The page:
Faculty trailblazers in the College of Engineering are David Icove, professor in the Department of Electrical Engineering and Computer Science; Joshua Sangoro, assistant professor in the Department of Chemical and Biomolecular Engineering; and Andy Sarles, assistant professor in the Department of Mechanical, Aerospace, and Biomedical Engineering.
College of Engineering News
An iconic member of the College of Engineering received a high honor recently as the Dr. Edwin G. Burdette Professorship Endowment was announced.
A record number of students turned out for the spring Engineering Expo. All told, 427 students visited with potential employers and lined up more than 700 interviews for paid internship and co-op positions from the fifty-six companies in attendance.
Engadget spoke to UT alumnus and current professor Mark Dean about computing, his role as a pioneer in the PC revolution with IBM, and about overcoming racism.
NBC News interviewed Center for Transportation Research Director David Clarke about a fatal train crash in New York and what safety measures can be taken to prevent future incidents.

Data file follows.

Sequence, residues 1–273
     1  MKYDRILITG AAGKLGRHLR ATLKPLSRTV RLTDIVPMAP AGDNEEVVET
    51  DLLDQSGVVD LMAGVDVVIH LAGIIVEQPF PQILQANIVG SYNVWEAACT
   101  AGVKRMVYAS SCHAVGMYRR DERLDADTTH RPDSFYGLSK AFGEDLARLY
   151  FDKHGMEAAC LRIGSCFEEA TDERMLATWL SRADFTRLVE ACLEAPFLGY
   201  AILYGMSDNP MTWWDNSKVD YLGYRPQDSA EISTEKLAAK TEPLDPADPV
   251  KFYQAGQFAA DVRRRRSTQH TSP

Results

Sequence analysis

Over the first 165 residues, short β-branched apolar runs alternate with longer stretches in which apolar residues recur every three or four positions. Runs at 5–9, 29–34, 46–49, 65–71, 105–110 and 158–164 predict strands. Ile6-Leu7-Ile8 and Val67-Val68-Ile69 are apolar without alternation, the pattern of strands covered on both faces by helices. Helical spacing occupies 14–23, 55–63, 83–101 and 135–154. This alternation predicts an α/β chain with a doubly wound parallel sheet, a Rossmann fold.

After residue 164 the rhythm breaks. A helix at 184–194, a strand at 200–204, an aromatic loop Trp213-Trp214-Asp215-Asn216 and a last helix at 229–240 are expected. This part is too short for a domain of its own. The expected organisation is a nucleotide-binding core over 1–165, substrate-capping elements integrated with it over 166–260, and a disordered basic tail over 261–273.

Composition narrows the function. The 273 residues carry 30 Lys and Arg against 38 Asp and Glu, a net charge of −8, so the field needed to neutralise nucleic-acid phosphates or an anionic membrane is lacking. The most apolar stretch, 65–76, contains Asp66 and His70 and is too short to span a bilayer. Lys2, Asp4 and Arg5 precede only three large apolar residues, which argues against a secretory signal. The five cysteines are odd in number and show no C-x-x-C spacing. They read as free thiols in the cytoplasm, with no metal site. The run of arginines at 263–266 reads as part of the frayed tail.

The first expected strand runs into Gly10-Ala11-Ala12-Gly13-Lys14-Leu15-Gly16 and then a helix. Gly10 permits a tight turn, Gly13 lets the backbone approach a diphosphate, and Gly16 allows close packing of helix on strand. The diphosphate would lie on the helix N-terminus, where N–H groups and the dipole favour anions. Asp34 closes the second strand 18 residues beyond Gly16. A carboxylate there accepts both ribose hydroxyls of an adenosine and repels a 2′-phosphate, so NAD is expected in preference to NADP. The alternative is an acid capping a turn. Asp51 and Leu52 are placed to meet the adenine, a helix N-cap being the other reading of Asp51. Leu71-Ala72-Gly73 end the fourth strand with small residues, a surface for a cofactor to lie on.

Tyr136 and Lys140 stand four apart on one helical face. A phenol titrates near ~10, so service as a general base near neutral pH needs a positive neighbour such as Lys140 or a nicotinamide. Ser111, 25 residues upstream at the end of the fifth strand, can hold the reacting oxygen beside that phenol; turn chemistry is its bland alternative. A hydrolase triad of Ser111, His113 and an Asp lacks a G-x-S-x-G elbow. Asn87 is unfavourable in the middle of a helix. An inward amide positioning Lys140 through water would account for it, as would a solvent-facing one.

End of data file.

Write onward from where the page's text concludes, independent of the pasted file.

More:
As the detailed study of best practices within manufacturing has become more commonplace in recent years, the Reliability and Maintainability Center at UT has stepped to the forefront as a well-respected hub of learning. The center has signed about 55 corporate partners and will host its nineteenth annual Maintenance and Reliability Conference, MARCON, February 23–26 at the Knoxville Convention Center.
Leadership in the workplace, financial management techniques, and finding a work-life balance are a few of the topics on the docket for attendees of a new event coming to Knoxville this spring. WomEngineers Day, to be held at the Knoxville Convention Center on April 11, aims to bring together people interested or involved in engineering and other STEM—science, technology, engineering, and math—fields of study.
The College of Engineering’s Alexander Papandrew and Gerd Duscher are part of a broader Oak Ridge National Laboratory-led team that recently received a $2.75 million Department of Energy grant for work on improving fuel cells, $1.4 million of which went to their project.
The role of UT’s College of Engineering as a leader in advanced materials research got yet another boost recently as Lightweight Innovations for Tomorrow, or LIFT, officially opened its headquarters.
UT alumnus Scott Kelly is gaining a lot of attention for his upcoming mission. CNN, Time Magazine, and CBS News have featured him in stories, and he is a guest of honor at the State of the Union address.